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Writing the book helped her make sense of everything.
"The reason for writing this book was to figure out what had happened," she recalls "How did I accumulate all of this incident and drama? I didn't come into the book with an attitude about my life except that it seemed to be a series of failures and catastrophes and things that I had tried to repair. First I thought, These are 'moral tales from the world of chic.' Here's this gorgeous world, but this sort of karmic shit keeps happening."
What stood out to her was what she had discovered at the rehab: She'd lived under the influence of illusion. "Illusion cost me everything," Buck says.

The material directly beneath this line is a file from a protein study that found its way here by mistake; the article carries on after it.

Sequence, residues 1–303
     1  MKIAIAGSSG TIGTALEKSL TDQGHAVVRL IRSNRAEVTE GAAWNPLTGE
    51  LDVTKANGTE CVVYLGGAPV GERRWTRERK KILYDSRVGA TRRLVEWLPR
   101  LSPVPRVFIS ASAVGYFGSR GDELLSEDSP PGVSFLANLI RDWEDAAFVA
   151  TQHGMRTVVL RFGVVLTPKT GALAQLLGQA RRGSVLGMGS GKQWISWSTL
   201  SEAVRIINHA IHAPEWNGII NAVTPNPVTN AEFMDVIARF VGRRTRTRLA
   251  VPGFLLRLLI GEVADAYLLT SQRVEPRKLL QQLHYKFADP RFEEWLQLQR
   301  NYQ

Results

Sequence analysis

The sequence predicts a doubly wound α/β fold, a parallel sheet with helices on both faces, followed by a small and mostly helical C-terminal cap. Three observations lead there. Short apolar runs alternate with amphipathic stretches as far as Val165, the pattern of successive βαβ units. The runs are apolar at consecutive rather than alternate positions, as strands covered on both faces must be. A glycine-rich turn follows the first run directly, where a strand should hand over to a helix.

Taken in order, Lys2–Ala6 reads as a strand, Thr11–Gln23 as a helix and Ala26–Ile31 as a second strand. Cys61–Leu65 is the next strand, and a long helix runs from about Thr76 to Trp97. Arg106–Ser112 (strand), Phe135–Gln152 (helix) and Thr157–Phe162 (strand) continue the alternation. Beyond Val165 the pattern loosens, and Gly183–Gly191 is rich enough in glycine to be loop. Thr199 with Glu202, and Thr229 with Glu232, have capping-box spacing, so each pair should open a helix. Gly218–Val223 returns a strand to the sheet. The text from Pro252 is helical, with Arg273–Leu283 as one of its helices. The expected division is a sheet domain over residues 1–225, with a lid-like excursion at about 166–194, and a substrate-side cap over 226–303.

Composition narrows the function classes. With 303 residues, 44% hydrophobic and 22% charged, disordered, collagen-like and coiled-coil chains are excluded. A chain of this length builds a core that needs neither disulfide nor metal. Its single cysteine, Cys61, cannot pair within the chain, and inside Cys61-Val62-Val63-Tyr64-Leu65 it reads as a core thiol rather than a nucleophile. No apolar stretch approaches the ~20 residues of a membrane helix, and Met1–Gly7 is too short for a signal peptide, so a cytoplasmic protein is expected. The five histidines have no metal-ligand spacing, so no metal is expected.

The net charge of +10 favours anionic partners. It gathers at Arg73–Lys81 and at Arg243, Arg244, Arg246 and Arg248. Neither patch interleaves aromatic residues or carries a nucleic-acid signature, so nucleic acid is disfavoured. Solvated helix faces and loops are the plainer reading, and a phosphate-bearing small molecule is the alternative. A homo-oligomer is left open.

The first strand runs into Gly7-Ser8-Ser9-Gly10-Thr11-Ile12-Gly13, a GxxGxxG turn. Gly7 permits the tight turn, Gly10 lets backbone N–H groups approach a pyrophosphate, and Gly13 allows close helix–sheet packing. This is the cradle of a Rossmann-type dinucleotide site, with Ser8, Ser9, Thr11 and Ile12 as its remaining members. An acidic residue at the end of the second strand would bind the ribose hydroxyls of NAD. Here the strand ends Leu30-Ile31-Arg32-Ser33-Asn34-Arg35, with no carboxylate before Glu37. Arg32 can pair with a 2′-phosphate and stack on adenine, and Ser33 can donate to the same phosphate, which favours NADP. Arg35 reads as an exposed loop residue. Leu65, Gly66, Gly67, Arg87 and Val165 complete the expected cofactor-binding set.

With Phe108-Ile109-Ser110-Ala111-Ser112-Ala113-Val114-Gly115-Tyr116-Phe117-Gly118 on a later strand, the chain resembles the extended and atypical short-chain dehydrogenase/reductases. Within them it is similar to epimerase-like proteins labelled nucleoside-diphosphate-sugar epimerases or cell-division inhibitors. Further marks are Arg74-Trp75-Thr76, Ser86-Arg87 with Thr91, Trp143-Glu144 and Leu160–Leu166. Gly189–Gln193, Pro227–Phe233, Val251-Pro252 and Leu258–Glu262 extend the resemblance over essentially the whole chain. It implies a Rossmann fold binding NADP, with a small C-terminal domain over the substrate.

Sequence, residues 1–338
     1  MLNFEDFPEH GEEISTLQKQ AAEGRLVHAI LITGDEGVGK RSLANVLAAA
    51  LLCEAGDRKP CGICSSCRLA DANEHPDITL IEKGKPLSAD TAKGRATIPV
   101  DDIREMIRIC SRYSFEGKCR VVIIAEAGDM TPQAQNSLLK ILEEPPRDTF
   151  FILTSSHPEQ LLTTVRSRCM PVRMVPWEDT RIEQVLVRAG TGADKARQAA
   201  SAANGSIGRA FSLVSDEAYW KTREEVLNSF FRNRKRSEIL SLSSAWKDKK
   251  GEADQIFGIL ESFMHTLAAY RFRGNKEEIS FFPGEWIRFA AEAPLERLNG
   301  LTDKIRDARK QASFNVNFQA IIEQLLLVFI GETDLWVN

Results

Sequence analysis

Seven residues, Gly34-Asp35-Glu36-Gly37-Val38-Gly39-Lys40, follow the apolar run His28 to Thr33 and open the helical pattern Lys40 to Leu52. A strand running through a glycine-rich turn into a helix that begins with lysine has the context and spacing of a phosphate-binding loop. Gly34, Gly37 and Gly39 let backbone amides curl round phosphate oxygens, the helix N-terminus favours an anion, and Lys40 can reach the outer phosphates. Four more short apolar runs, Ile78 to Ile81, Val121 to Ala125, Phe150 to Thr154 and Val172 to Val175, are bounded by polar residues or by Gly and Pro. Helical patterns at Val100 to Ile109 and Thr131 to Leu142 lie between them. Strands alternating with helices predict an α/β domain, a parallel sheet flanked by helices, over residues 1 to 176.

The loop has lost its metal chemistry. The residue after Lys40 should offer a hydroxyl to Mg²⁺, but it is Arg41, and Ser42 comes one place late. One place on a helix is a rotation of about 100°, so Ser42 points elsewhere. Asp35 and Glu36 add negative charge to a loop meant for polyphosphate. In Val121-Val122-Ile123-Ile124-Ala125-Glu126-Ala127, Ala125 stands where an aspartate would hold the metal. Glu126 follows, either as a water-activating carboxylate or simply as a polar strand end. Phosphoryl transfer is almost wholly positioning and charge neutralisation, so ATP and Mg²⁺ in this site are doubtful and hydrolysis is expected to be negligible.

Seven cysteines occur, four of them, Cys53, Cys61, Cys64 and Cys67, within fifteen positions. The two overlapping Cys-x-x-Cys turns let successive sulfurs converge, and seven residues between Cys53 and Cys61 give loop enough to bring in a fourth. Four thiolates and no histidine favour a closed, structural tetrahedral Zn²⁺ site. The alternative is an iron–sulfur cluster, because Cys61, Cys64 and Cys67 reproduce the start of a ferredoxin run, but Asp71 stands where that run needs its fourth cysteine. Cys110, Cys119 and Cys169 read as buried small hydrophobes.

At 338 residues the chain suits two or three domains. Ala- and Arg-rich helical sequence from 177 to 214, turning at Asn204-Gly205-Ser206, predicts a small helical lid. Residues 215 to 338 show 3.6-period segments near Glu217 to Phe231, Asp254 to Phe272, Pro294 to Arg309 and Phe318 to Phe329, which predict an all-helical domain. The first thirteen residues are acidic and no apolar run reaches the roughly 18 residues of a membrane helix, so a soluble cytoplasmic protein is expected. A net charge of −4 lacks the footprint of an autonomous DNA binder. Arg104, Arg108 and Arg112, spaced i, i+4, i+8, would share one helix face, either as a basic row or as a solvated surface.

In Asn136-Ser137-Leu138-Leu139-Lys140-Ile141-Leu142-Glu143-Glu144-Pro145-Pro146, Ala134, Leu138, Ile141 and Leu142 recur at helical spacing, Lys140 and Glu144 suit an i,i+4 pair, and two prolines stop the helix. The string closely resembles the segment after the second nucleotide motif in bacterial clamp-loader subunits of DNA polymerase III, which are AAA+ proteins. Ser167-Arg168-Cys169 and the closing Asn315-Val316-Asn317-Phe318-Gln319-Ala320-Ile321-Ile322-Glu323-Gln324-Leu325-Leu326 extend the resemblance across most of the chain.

The book—heartfelt, candid, humorous—has helped her regain her footing, but in unexpected ways. "Strangers are opening up to me," she says "I didn't know that if you opened your heart, people would open theirs."
She's now writing personal essays for Harper's Bazaar and working on a collection of them, in her office in the library.
Although she still has the soul of a nomad, she says she's enjoying life in the Hudson Valley. "I had this longing to be outside of New York City in a village, in beauty, on a train line," she says. "I have no idea where home is. But one thing I know: When I'm coming back here from the city in a car with somebody, on the train just after Poughkeepsie, I get this feeling of aaaahhh..."